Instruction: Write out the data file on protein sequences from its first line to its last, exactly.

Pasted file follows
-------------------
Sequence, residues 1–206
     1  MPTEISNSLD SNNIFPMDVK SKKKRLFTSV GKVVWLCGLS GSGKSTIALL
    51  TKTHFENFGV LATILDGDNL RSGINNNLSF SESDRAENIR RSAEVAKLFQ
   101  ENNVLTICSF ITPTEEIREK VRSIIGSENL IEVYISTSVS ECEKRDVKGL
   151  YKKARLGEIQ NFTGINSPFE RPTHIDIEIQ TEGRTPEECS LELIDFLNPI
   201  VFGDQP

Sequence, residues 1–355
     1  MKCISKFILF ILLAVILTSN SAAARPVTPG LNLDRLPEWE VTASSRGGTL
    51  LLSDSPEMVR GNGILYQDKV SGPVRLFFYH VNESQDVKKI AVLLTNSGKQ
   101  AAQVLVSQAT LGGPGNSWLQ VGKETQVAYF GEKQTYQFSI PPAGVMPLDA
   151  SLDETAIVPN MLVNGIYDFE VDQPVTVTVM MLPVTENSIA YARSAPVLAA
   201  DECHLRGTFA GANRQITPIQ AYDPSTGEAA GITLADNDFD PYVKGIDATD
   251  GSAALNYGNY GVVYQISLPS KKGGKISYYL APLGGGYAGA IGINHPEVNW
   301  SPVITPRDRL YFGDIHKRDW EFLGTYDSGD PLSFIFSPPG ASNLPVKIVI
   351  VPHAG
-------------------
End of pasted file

Sequence, residues 1–206
     1  MPTEISNSLD SNNIFPMDVK SKKKRLFTSV GKVVWLCGLS GSGKSTIALL
    51  TKTHFENFGV LATILDGDNL RSGINNNLSF SESDRAENIR RSAEVAKLFQ
   101  ENNVLTICSF ITPTEEIREK VRSIIGSENL IEVYISTSVS ECEKRDVKGL
   151  YKKARLGEIQ NFTGINSPFE RPTHIDIEIQ TEGRTPEECS LELIDFLNPI
   201  VFGDQP

Sequence, residues 1–355
     1  MKCISKFILF ILLAVILTSN SAAARPVTPG LNLDRLPEWE VTASSRGGTL
    51  LLSDSPEMVR GNGILYQDKV SGPVRLFFYH VNESQDVKKI AVLLTNSGKQ
   101  AAQVLVSQAT LGGPGNSWLQ VGKETQVAYF GEKQTYQFSI PPAGVMPLDA
   151  SLDETAIVPN MLVNGIYDFE VDQPVTVTVM MLPVTENSIA YARSAPVLAA
   201  DECHLRGTFA GANRQITPIQ AYDPSTGEAA GITLADNDFD PYVKGIDATD
   251  GSAALNYGNY GVVYQISLPS KKGGKISYYL APLGGGYAGA IGINHPEVNW
   301  SPVITPRDRL YFGDIHKRDW EFLGTYDSGD PLSFIFSPPG ASNLPVKIVI
   351  VPHAG